Save Our Coast has called on Environment Minister Matt Kean to further delay Centennial Coal's planned seismic survey in Lake Macquarie to allow for a thorough environmental assessment.
SOC founder Natasha Deen wrote in an email to Mr Kean this week that "Centennial Coal's documentation to the public that sound at this level does not have any impacts appears to be misleading and is in contradiction to the marine assessment and known scientific evidence".
The company has said it plans to use a spark-gap sounder to carry out sub-bottom profiling of the lake and the "strata above our mine workings" from next week.
A marine assessment prepared for Centennial last year by consultants GHD said the survey would involve firing pulses from a seismic "sparker" at up to 227 decibels.
The company said last week that the GHD report "unfortunately contains several inaccuracies" by referring to seismic air-gun technology, which Centennial had decided not to use.
Centennial published a question-and-answer sheet on its website saying the survey method was the "same" as that used regularly by NSW Maritime to gauge the depth of Swansea Channel and was a "standard" geotechnical survey technique used throughout the world.
In response to questions from the Newcastle Herald, Transport for NSW said NSW Maritime used an echo sounder, not a seismic sparker, to survey the channel and lake floor about twice a year.
It said it used bathymetric surveying to map the lake's depth, rather than sub-bottom profiling.
Centennial later corrected its Q&A sheet to say the technology the company planned to use was "similar" to that used by NSW Maritime.
Newcastle University's Dr Vincent Raoult told the Newcastle Herald this week that the sparker technology was less harmful than seismic air guns but the evidence did not support Centennial's view that it was harmless to marine animals.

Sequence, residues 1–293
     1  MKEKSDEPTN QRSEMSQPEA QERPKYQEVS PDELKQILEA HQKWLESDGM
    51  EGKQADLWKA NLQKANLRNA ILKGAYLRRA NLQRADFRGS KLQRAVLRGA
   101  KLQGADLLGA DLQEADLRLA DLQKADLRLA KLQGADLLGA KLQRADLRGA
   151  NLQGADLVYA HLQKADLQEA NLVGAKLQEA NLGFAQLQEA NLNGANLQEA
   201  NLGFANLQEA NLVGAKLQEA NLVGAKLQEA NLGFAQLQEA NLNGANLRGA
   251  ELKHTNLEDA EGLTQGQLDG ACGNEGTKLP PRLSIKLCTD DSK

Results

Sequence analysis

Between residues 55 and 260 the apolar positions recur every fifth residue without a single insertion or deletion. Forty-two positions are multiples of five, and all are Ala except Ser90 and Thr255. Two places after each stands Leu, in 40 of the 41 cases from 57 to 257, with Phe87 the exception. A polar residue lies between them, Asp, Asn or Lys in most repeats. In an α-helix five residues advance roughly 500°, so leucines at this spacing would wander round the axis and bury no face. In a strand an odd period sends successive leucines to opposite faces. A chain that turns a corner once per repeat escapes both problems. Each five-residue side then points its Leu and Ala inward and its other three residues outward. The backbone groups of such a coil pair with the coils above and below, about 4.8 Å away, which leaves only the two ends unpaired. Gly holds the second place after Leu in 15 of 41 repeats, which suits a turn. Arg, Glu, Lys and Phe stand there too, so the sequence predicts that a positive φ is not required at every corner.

Another scientist, Curtin University's Associate Professor Robert McCauley, congratulated the mine for using the less harmful method, which he said was unlikely to affect animals outside a range of "tens of metres".
Save Our Coast delivered a 60,000-strong petition to federal parliament this week calling for an end to seismic testing and drilling for oil or gas off Newcastle and the Central Coast.
Dr Deen, who made a submission to the Senate inquiry into seismic testing in December, remains unconvinced by Centennial's assurances that the lake survey will not affect marine life.
She called on the mine to produce a new marine assessment if it no longer planned to use the technology referred to in the GHD report.
"I urge you to please consider the need for a more thorough assessment of the use of seismic surveys or noise generating activities within the confines of Lake Macquarie, and in the meantime that this survey be postponed further," the Newcastle dentist wrote to Mr Kean.
Centennial agreed a week ago to delay the survey and a concurrent drilling program by seven days after an outcry from environmentalists, fishermen and politicians.
The survey, which is approved under the mine's 2013 lease, covers about four square kilometres of eastern Lake Macquarie from Swansea to Nords Wharf.
The sparker technology uses a high-voltage charge released in an arc across electrodes in the water. The underwater spark creates a high-pressure plasma or vapour bubble which expands then collapses, generating a low-frequency sound pulse.